The batch and column experimental studies on the adsorption of phosphate onto synthetic lepidocrocite from reclaimed water are presented. A second-order polynomial model in the batch study is successfully applied to describe phosphate immobilization performance using the response surface methodology. The model proposed is further linked with the convex optimization method to determine the optimal variables for maximum phosphate uptake since convex method is a global optimization method. Consequently, under optimal parameters determined as pH of 3.88, an initial P concentration of 0.66 mg/L, and a dosage of 0.15 g, the corresponding phosphate removal efficiency can reach up to 97.4%. Adsorption behavior is further revealed by X-ray photoelectron spectroscopy observation and FTIR spectra. A comparative column study indicates that co-existing competing anions in artificial reclaimed water do not significantly interfere with P adsorption under the neutral condition. The experimental results highlight that synthetic lepidocrocite is an excellent absorbent for sustainable P removal from reclaimed water.

  20. Water Column Methane Bubble Stream Data Analysis and Visualization from a Survey of the U.S. Cascadia Continental Margin

    Science.gov (United States)

    Merle, S. G.; Embley, R. W.; Raineault, N.; Johnson, H. P.; Sampaga, E.; Baumberger, T.; Lau, T. K. A.

    2016-12-01

    A major objective of cruise NA072 on the E/V Nautilus (operated by Ocean Exploration Trust Inc.), in June 2016, was to begin developing a baseline of methane bubble streams rising from the seafloor along the U. S. Cascadia continental margin (Washington, Oregon and northern California). The E/V Nautilus is equipped with a Kongsberg EM302 system (30 kHz) that collects seafloor bathymetry and backscatter data and concurrently insonifies the water column, allowing the detection and mapping of gas bubble streams rising from the seafloor. Preliminary analysis of the water column data detected more than 450 (presumptive) methane bubble streams, the large majority of which were not previously known. Newly-discovered methane bubble stream emission sites range in depth from 125 to 1640 meters. Water column data were analyzed using the QPS Fledermaus FMMidwater software using several modes. The FMMidwater method allowed for subjectively hand-picking ("geo-picking") bubble stream positions directly from the 2D display. The second method was the creation of geo-referenced 3D point cluster objects that could be loaded into the Fledermaus program and overlain on seafloor bathymetry or backscatter data. The point cluster objects were interactively created by threshold filtering based on acoustic amplitude values of the bubbles in the water column data. The third, a more automated method, used the FMMidwater Feature Detection plugin to create 3D point cluster objects that could be located in batch mode analysis. The three methods of data analysis are compared in this study. A small portion of the EM302 data collected on the E/V Nautilus will be compared to data collected in the same area with an EM710 (70 kHz) system on the NOAA ship Rainier in May 2016. That analysis examines the effect of the sonar frequency on bubble plume detection. Examples of the variety of methane bubble plumes discovered on the E/V Nautilus expedition will be presented in 2D and 3D visualizations.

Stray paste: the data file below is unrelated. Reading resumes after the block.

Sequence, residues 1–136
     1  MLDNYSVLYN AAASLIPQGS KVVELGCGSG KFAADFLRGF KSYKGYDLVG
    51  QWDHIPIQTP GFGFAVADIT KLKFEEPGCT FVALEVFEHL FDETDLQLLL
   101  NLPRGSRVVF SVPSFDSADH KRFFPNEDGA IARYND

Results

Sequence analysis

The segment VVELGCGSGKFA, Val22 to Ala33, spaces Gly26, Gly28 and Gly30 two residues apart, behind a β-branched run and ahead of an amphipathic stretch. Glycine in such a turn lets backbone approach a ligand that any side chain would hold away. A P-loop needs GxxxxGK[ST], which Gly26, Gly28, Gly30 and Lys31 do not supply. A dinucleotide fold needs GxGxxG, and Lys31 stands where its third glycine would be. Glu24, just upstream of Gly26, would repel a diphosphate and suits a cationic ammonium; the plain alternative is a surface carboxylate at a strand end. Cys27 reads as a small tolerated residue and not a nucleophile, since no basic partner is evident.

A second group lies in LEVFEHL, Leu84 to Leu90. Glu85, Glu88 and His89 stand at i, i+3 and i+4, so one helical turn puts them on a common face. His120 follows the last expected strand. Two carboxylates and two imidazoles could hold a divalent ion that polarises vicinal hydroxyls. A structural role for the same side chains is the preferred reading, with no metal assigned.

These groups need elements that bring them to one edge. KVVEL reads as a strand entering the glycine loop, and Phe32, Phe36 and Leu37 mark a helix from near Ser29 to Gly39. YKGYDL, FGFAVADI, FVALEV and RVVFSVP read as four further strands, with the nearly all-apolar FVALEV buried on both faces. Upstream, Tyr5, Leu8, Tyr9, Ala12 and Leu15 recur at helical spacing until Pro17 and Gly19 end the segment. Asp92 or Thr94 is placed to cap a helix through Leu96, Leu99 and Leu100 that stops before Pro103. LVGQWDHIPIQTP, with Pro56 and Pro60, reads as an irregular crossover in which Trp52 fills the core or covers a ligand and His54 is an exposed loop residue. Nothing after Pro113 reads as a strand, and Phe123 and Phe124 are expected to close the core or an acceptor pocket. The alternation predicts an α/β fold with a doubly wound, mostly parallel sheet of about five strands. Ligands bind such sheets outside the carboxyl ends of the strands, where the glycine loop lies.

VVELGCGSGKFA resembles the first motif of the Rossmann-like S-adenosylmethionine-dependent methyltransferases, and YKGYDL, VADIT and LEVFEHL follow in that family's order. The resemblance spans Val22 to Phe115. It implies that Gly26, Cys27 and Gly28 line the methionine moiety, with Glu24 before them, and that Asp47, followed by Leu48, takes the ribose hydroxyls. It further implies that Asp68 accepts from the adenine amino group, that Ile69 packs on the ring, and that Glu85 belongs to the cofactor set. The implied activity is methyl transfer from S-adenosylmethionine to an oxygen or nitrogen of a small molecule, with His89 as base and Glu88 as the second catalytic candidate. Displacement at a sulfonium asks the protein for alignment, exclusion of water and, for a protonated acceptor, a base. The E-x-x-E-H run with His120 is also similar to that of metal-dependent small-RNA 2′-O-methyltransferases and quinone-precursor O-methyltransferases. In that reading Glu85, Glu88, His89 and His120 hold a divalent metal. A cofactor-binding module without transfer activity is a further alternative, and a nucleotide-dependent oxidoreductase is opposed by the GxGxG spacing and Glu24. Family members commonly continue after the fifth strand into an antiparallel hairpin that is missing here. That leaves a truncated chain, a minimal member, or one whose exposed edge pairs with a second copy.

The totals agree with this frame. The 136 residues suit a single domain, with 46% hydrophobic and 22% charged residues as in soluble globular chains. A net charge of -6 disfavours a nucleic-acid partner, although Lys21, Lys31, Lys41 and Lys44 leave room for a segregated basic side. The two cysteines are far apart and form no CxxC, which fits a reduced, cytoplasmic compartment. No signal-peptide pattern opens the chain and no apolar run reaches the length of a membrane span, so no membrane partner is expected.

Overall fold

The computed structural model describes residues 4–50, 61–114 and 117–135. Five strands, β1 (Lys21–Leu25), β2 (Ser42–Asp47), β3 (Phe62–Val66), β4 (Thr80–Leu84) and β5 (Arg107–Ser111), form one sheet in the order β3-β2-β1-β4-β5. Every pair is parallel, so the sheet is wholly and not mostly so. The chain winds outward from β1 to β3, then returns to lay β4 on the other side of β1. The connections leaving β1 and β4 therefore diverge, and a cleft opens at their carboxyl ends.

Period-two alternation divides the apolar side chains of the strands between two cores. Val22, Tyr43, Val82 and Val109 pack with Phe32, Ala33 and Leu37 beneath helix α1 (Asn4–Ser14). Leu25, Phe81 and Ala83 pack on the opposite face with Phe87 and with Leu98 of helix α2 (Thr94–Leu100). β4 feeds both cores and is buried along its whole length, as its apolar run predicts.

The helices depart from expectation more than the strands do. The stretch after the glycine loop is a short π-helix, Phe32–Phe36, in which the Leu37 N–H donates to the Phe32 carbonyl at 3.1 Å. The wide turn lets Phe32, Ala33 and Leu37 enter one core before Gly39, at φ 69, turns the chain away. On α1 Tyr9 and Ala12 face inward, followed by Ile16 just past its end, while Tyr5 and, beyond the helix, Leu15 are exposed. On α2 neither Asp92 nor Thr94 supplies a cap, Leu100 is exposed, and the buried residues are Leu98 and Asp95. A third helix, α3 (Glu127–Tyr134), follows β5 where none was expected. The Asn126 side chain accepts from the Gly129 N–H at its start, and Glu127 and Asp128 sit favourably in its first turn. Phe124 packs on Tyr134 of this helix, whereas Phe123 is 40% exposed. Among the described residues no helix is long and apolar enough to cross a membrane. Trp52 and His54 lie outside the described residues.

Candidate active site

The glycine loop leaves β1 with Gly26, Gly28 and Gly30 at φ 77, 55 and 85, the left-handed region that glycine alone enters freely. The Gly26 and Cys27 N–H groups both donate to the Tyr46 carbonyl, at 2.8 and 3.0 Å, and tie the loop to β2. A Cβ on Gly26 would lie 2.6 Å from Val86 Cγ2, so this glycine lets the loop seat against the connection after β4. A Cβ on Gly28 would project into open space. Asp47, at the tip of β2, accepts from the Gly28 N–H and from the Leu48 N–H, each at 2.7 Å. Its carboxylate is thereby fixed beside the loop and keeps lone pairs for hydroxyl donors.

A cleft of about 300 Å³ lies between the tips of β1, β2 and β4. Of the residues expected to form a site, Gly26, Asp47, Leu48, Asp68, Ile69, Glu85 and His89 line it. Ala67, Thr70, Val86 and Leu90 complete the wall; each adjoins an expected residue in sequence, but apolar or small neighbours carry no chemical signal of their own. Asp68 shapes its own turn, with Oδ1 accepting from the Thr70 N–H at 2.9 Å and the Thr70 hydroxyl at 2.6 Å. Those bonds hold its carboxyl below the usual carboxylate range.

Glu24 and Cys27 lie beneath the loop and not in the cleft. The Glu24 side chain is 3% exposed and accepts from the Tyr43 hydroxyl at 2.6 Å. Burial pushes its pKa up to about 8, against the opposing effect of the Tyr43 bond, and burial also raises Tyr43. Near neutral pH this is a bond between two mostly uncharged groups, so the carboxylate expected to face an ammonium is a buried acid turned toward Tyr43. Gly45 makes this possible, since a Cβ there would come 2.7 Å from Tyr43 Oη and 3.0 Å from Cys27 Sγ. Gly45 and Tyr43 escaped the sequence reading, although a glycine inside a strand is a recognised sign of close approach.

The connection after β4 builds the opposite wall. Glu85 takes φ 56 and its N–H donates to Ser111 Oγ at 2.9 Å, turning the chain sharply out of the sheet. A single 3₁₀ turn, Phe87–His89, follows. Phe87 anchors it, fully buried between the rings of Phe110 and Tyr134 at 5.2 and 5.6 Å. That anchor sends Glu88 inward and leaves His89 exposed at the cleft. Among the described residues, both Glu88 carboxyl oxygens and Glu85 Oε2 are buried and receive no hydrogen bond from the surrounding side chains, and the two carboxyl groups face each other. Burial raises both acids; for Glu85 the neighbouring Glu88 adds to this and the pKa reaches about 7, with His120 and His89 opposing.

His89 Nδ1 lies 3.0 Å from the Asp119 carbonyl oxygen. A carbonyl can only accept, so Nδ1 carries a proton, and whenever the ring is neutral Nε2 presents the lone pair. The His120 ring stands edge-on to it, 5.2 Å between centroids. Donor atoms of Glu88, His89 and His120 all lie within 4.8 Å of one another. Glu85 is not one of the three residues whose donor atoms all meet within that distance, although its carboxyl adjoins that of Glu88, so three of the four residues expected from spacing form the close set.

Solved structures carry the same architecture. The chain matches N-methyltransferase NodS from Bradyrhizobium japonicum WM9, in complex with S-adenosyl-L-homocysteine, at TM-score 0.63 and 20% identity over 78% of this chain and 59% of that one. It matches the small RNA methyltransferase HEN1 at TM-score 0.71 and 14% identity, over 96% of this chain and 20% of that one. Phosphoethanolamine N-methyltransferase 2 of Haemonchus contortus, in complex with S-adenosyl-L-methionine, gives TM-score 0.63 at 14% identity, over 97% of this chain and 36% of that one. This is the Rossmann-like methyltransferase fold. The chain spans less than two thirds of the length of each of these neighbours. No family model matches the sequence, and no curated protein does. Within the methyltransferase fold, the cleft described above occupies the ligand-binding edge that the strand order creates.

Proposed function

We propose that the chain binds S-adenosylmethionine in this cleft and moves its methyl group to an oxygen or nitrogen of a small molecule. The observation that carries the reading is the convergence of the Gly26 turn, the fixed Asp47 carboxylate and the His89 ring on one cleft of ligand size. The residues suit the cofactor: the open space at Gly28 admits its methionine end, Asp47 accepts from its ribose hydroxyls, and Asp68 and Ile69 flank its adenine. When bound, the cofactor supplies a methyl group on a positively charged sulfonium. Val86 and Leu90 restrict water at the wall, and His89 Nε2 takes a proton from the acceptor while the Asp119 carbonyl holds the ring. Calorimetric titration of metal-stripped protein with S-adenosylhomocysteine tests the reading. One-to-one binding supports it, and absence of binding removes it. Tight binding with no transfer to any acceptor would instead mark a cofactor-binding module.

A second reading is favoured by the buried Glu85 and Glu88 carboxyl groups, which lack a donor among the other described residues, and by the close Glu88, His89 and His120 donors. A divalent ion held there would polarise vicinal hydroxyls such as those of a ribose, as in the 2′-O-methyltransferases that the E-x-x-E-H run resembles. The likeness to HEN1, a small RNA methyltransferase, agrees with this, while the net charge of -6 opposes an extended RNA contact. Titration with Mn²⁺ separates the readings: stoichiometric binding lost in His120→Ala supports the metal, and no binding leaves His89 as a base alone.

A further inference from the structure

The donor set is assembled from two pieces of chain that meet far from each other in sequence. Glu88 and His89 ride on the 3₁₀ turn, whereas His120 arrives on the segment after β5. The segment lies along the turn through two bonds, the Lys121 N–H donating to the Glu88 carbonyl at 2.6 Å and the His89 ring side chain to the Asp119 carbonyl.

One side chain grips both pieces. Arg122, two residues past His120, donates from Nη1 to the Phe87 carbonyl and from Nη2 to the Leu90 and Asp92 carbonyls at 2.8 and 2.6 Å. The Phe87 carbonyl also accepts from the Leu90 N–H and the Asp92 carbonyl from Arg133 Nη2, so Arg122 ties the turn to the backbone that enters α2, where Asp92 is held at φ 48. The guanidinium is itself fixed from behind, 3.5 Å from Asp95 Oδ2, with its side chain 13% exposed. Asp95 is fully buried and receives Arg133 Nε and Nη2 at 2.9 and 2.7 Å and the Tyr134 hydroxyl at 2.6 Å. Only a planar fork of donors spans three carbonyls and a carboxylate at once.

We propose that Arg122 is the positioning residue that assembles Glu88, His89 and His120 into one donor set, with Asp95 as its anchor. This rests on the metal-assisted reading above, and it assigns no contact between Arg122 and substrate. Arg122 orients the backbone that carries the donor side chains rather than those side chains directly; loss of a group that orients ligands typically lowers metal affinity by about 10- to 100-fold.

1. Composition and fate of gas and oil released to the water column during the Deepwater Horizon oil spill

    Science.gov (United States)

    Reddy, Christopher M.; Arey, J. Samuel; Seewald, Jeffrey S.; Sylva, Sean P.; Lemkau, Karin L.; Nelson, Robert K.; Carmichael, Catherine A.; McIntyre, Cameron P.; Fenwick, Judith; Ventura, G. Todd; Van Mooy, Benjamin A. S.; Camilli, Richard

    2012-01-01

    Quantitative information regarding the endmember composition of the gas and oil that flowed from the Macondo well during the Deepwater Horizon oil spill is essential for determining the oil flow rate, total oil volume released, and trajectories and fates of hydrocarbon components in the marine environment. Using isobaric gas-tight samplers, we collected discrete samples directly above the Macondo well on June 21, 2010, and analyzed the gas and oil. We found that the fluids flowing from the Macondo well had a gas-to-oil ratio of 1,600 standard cubic feet per petroleum barrel. Based on the measured endmember gas-to-oil ratio and the Federally estimated net liquid oil release of 4.1 million barrels, the total amount of C1-C5 hydrocarbons released to the water column was 1.7 × 1011 g. The endmember gas and oil compositions then enabled us to study the fractionation of petroleum hydrocarbons in discrete water samples collected in June 2010 within a southwest trending hydrocarbon-enriched plume of neutrally buoyant water at a water depth of 1,100 m. The most abundant petroleum hydrocarbons larger than C1-C5 were benzene, toluene, ethylbenzene, and total xylenes at concentrations up to 78 μg L-1. Comparison of the endmember gas and oil composition with the composition of water column samples showed that the plume was preferentially enriched with water-soluble components, indicating that aqueous dissolution played a major role in plume formation, whereas the fates of relatively insoluble petroleum components were initially controlled by other processes. PMID:21768331

  2. Composition and fate of gas and oil released to the water column during the Deepwater Horizon oil spill.

    Science.gov (United States)

    Reddy, Christopher M; Arey, J Samuel; Seewald, Jeffrey S; Sylva, Sean P; Lemkau, Karin L; Nelson, Robert K; Carmichael, Catherine A; McIntyre, Cameron P; Fenwick, Judith; Ventura, G Todd; Van Mooy, Benjamin A S; Camilli, Richard

    2012-12-11